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August 9, 2003, 11:00 A.M.

Here's an AP story with an updated U.S. casualty count in the war in Iraq. It's sometimes difficult to keep track of these numbers, and I've seen some conflicting reports, but these numbers jive with those that I used in my post of August 3.

August 5, 2003, 7:05 P.M.

Well, here's an unsettling thought. Read this Francis Fukuyama op-ed in today's OpinionJournal where he poses the question, "What if there are no weapons of mass destruction in Iraq?" I'm sure this possibility has occurred to you, as it has occurred to us, but we still say, "Holy guacamole."

August 3, 2003, 10:45 A.M.

Another soldier was killed on Saturday in Iraq, bringing the total U.S. soldiers killed by hostile fire in the war in Iraq to 167, 20 more than were killed in the first Gulf war and 53 since the President declared an end to major combat operations on May 1.

Through the use of overwhelming firepower in the form of tanks, helicopters, RPGs and machine gun and rocket equipped Humvees, two of Saddam’s sons, Uday and Qusay, were killed in Mosul on July 22. Despite the elimination of these two brutal thugs, and a $25 million bounty on their father's head, ambush-type attacks on U.S. soldiers by Iraqis are continuing and are now occurring at the rate of about 12 per day. There is no end in sight as this guerrilla war continues.

Killing Saddam’s sons was an obvious strategic victory over the remnants of the old regime. The problem is that, despite the killings, it appears that decapitating Saddam’s regime may not be enough to subdue Iraqi resistance to the American occupation. There is also evidence that attacks are coming from groups other than the old regime. What happens if we capture or kill Saddam and the attacks continue or increase?

This could very well happen because it is not only the old Ba’ath party that wants us out, but fundamentalist Muslims want us out, other political factions want us out and countless other groups looking for a piece of the Iraqi pie want us out. So it seems that attacks from all of these quarters may continue long after Saddam himself is neutralized.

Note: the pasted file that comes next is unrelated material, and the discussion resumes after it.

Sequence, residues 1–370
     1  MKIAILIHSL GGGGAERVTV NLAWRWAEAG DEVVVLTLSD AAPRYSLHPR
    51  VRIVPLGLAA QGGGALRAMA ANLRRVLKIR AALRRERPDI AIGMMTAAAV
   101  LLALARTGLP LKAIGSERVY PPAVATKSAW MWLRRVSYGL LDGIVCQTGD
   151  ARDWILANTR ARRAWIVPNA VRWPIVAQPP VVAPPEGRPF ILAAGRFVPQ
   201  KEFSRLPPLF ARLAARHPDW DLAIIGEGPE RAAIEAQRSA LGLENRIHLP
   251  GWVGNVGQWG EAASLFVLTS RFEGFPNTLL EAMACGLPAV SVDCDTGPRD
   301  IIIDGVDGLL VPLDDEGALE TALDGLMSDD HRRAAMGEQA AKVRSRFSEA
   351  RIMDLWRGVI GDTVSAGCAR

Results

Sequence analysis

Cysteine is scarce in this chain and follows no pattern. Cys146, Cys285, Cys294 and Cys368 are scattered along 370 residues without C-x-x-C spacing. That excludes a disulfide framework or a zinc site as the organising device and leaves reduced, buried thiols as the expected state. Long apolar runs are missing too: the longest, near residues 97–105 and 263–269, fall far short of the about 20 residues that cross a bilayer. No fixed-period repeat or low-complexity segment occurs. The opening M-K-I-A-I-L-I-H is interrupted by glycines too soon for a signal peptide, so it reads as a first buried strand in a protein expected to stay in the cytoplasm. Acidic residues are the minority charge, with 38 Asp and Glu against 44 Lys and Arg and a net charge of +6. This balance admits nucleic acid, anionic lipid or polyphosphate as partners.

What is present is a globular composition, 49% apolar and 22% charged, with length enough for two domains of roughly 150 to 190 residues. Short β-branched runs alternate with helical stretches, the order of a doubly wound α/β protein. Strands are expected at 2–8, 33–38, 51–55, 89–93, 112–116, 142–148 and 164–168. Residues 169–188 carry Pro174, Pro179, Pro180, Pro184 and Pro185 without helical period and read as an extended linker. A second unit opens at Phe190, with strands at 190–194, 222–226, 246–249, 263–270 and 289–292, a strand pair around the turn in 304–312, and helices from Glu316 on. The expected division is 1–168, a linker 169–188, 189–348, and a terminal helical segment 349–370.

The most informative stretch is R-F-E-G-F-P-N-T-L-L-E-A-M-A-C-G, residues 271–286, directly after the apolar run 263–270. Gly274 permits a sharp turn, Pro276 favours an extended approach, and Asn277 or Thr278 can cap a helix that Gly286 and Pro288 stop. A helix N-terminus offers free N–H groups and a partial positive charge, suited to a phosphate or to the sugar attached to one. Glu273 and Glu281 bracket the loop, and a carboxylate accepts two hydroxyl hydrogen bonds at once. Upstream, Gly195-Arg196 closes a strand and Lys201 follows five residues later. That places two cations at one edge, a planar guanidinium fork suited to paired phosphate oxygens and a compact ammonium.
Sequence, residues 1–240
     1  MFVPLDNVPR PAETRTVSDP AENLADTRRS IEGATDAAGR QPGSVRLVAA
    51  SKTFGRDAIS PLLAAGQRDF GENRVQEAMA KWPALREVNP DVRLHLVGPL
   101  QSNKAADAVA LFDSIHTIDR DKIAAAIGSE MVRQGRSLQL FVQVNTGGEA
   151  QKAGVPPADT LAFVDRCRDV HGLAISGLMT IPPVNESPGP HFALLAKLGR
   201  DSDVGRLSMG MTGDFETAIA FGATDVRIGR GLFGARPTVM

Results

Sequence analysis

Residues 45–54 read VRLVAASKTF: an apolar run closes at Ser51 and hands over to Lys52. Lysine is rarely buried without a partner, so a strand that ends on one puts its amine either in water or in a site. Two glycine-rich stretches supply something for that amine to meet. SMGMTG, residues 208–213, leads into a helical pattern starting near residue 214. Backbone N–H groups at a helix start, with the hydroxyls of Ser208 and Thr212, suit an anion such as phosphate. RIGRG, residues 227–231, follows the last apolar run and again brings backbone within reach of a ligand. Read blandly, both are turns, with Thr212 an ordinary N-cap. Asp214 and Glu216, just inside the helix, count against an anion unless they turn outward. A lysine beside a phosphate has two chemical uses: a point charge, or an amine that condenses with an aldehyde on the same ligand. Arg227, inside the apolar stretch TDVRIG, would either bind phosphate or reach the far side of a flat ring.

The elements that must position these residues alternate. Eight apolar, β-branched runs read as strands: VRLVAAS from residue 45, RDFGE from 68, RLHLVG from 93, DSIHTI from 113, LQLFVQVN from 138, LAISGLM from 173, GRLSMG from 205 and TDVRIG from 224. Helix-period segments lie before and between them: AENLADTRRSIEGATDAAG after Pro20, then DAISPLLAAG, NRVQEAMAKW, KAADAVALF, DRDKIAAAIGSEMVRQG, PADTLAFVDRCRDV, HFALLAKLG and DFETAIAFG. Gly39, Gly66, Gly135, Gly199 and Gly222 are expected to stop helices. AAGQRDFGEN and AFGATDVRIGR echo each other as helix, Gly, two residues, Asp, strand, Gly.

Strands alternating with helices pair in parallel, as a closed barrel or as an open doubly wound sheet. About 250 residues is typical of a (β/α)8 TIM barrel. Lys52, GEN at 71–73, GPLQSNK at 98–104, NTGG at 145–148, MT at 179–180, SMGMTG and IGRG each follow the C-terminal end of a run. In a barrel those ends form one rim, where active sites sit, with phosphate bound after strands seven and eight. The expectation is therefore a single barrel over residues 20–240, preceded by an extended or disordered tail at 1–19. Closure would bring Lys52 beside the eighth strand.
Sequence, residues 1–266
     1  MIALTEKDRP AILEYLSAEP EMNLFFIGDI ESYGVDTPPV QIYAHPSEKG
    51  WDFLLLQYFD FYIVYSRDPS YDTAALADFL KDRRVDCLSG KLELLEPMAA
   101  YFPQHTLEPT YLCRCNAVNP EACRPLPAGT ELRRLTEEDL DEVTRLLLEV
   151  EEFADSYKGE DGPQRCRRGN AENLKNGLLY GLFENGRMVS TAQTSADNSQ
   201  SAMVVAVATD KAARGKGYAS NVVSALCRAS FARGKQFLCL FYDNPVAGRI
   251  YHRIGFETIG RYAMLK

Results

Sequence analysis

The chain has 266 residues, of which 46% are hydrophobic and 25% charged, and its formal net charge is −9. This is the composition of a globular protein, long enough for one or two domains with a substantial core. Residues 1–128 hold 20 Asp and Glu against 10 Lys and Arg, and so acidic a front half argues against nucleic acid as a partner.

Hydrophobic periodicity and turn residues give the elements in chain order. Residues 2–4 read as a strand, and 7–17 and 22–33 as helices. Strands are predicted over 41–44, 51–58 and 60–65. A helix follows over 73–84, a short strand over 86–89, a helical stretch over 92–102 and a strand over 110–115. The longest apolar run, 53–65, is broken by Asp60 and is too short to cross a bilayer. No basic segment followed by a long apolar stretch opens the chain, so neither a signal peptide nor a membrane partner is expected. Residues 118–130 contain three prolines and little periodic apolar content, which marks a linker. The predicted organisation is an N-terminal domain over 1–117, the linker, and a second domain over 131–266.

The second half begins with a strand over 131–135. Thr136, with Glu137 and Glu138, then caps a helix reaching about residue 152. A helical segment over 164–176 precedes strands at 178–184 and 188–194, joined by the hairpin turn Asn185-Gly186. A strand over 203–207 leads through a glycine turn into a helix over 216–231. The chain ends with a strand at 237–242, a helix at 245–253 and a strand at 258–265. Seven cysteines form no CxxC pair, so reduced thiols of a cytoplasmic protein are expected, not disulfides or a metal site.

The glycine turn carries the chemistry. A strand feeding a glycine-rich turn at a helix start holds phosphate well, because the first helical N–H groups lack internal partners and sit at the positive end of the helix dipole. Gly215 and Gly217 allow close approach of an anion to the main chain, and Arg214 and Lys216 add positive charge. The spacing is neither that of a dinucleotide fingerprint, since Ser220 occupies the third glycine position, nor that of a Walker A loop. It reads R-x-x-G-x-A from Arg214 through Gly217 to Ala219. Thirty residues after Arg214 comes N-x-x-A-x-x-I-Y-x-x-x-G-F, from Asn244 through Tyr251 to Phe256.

Bing West, former assistant secretary of defense, maintains in his editorial in last Sunday’s Wall Street Journal that American media is too focused on the number of casualties, and further, that the casualty rate is to be expected. He contests the notion that our situation in Iraq is in any analogous to Viet Nam or Somalia, and that in fact things are going swimmingly for us, especially for the Marines. He goes on to predict:

“The shootings will diminish dramatically when Saddam is put to rest and as the Iraqis establish a governance that treats Saddam loyalists as their enemy. The open terrain does not favor guerrilla bands, and the shooters, far from swimming in a sea of friendly people, are hiding their identities. As the killing of Uday and Qusay reveals, the Iraqi people are willing to give them up. President Bush has it right: If radicals sneak into Iraq to attack Americans, they will die there. That's better than having them plot against New York City. A quagmire refers to organized resistance supported and sheltered by a willing population. In Iraq, the vast majority of the people welcomed the American forces.”
Apparently US Civilian Administrator L. Paul Bremer does not agree with West, as he told CNN on Saturday that he believes that Saddam will eventually be tracked down, but that the threat from “foreign terrorists” would persist.

From my perspective, West’s simplistic outlook ignores the facts and perhaps more importantly the environment in which our occupying army is currently operating. Lest we forget, Iraq was only unified as a country under the brutal, repressive Ba’athist party and eventually Saddam’s regime. Those old religious, ethnic and political differences are beginning to fuel the ambitions of leaders who now see an opportunity for control, power, repression and revenge. Caught in the middle are U.S. troops whose mandate it is to maintain order in the fact of diverse groups who want to exercise control, not to be controlled.

This is a quagmire of the first order, as much as the administration wants us to see it otherwise. Thousands of years of history, conflict and political upheaval form the roots, branches and vines of this particular snare, and they will not be beaten back by an occupying army. It has never happened before and it will not happen now. Our army will leave some day, and Iraq will be left to sort itself out, as it always has.

Attacks on Americans at a rate of 12 a day by people trained to attack heavily armed and protected troops with sophisticated weapons sure sounds like organized resistance to me, and I’ll bet it seems that way to the troops on the ground as well.

[Ed. note: The original CNN story that we linked to in this post, "Bremer warns of 'foreign terrorists' in Iraq" has changed and material that we refer to in our story has been removed. We have a hard copy of the original story if anyone would like to see it.]

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